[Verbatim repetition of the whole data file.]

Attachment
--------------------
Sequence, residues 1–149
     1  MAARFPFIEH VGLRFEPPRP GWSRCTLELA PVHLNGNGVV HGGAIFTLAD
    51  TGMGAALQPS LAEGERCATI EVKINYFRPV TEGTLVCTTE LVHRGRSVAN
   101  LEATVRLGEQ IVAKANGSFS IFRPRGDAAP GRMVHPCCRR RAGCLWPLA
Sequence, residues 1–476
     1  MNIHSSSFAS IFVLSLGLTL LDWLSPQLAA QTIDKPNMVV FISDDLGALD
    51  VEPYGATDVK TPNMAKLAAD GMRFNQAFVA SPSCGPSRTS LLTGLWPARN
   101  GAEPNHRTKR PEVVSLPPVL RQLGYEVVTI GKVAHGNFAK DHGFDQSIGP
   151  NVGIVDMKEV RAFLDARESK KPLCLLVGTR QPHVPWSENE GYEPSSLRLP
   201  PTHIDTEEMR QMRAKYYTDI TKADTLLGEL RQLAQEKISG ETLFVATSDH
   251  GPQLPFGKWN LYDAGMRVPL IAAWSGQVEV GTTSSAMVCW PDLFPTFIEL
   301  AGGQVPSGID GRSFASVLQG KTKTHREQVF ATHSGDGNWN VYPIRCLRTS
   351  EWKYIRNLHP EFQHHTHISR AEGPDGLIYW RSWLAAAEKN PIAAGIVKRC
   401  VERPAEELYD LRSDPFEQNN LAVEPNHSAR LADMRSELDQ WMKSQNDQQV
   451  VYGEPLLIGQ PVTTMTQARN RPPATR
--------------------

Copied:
Sequence, residues 1–149
     1  MAARFPFIEH VGLRFEPPRP GWSRCTLELA PVHLNGNGVV HGGAIFTLAD
    51  TGMGAALQPS LAEGERCATI EVKINYFRPV TEGTLVCTTE LVHRGRSVAN
   101  LEATVRLGEQ IVAKANGSFS IFRPRGDAAP GRMVHPCCRR RAGCLWPLA
Sequence, residues 1–476
     1  MNIHSSSFAS IFVLSLGLTL LDWLSPQLAA QTIDKPNMVV FISDDLGALD
    51  VEPYGATDVK TPNMAKLAAD GMRFNQAFVA SPSCGPSRTS LLTGLWPARN
   101  GAEPNHRTKR PEVVSLPPVL RQLGYEVVTI GKVAHGNFAK DHGFDQSIGP
   151  NVGIVDMKEV RAFLDARESK KPLCLLVGTR QPHVPWSENE GYEPSSLRLP
   201  PTHIDTEEMR QMRAKYYTDI TKADTLLGEL RQLAQEKISG ETLFVATSDH
   251  GPQLPFGKWN LYDAGMRVPL IAAWSGQVEV GTTSSAMVCW PDLFPTFIEL
   301  AGGQVPSGID GRSFASVLQG KTKTHREQVF ATHSGDGNWN VYPIRCLRTS
   351  EWKYIRNLHP EFQHHTHISR AEGPDGLIYW RSWLAAAEKN PIAAGIVKRC
   401  VERPAEELYD LRSDPFEQNN LAVEPNHSAR LADMRSELDQ WMKSQNDQQV
   451  VYGEPLLIGQ PVTTMTQARN RPPATR